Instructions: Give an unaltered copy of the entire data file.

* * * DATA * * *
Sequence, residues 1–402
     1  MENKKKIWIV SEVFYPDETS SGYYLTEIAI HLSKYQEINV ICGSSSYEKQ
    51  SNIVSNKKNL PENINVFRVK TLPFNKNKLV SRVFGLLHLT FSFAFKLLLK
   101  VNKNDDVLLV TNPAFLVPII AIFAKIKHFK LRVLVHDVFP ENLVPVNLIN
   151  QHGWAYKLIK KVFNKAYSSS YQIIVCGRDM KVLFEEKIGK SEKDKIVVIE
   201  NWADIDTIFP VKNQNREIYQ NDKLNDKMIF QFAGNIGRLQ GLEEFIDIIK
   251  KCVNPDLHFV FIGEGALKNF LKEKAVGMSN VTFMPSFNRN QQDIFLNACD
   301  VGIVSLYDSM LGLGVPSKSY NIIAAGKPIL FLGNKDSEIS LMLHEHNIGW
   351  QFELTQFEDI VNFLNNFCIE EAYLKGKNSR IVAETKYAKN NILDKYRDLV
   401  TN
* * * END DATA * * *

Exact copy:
Sequence, residues 1–402
     1  MENKKKIWIV SEVFYPDETS SGYYLTEIAI HLSKYQEINV ICGSSSYEKQ
    51  SNIVSNKKNL PENINVFRVK TLPFNKNKLV SRVFGLLHLT FSFAFKLLLK
   101  VNKNDDVLLV TNPAFLVPII AIFAKIKHFK LRVLVHDVFP ENLVPVNLIN
   151  QHGWAYKLIK KVFNKAYSSS YQIIVCGRDM KVLFEEKIGK SEKDKIVVIE
   201  NWADIDTIFP VKNQNREIYQ NDKLNDKMIF QFAGNIGRLQ GLEEFIDIIK
   251  KCVNPDLHFV FIGEGALKNF LKEKAVGMSN VTFMPSFNRN QQDIFLNACD
   301  VGIVSLYDSM LGLGVPSKSY NIIAAGKPIL FLGNKDSEIS LMLHEHNIGW
   351  QFELTQFEDI VNFLNNFCIE EAYLKGKNSR IVAETKYAKN NILDKYRDLV
   401  TN